Interested in continuing your education through a graduate program?
Graduate programs are seeking individuals who have shown promise in their respective fields, but would like increased specialization in order to gain employment within their chosen discipline. While undergraduate education allows you to absorb depth of knowledge in a wide range of topics, graduate programs are designed for students to focus on a specific area in academia.
If you are seriously considering applying for a graduate program, begin by speaking with department faculty in the appropriate field of study:
Researching graduate programs
Create a list of qualities that you want in a graduate program and then prioritize that list by determining what you most value in higher education. Items to consider might include:
- Accreditation/Approved programs
- Potential advisors/Mentorship
- Research opportunities/interests
- Program schedule (day/evening classes)
- Cost of attendance (including tuition and living expenses)
- Location in relation to family/friends/networks
- Transportation options
- Type of degree offered (MA, MS, M.Ed., MBA, MN, MD, JD, PhD, EdD, PsyD etc.)
- Field work and/or practical experience
- Time commitment to earn the degree (most Master’s programs require 1 – 2 years)
- GradSchools.com – Worldwide focused
- Petersons – US focused with an International Students resource page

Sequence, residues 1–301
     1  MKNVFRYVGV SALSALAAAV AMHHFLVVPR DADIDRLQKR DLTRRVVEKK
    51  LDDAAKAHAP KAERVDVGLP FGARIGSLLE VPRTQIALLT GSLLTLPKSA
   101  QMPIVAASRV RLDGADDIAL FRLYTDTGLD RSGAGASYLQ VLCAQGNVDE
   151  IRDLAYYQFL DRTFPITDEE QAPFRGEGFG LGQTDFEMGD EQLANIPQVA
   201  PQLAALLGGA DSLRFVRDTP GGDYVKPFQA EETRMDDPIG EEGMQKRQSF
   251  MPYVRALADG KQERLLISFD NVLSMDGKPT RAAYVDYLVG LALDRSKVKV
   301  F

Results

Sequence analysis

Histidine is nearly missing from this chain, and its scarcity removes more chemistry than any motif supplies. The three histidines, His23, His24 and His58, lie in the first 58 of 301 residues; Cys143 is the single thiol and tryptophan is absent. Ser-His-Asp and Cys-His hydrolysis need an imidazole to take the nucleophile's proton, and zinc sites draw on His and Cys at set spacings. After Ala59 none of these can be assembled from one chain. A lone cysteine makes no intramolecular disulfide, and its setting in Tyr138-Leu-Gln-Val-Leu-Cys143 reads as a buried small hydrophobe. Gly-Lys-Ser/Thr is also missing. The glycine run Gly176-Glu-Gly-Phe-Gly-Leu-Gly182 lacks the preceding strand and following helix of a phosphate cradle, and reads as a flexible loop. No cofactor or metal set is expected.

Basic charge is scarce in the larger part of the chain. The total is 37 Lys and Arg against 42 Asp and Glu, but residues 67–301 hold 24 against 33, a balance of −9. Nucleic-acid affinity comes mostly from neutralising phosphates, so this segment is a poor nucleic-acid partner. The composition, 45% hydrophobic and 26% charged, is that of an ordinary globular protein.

- Grad Source – US and Canada focused
Use this worksheet to help guide your research.
Professional and technical graduate programs
Many professions require intensive study above and beyond the length of time it takes to complete a Bachelor’s or Master’s degree. Admittance to professional and technical graduate programs is highly competitive, but applicants are sought from all fields of study in order to represent a diverse range of expertise within the academic community. Some examples include:
- Health Administration
- Occupational Therapy
- Physical Therapy
- Occupational Therapy
- Veterinary Medicine
After you prioritize your list, search for University programs that match your criteria. Seek advice from your current professors, web resources, WOIS, Bureau of Labor Statistics, and professional associations to find potential schools and programs. Read recent journal articles in your field, join a professional organization, and attend Graduate School Fairs to collect further information. Contact the program advisor to discuss your questions and visit the campus and talk to students currently in the program.
Begin your research by browsing the graduate programs offered here at UW Bothell: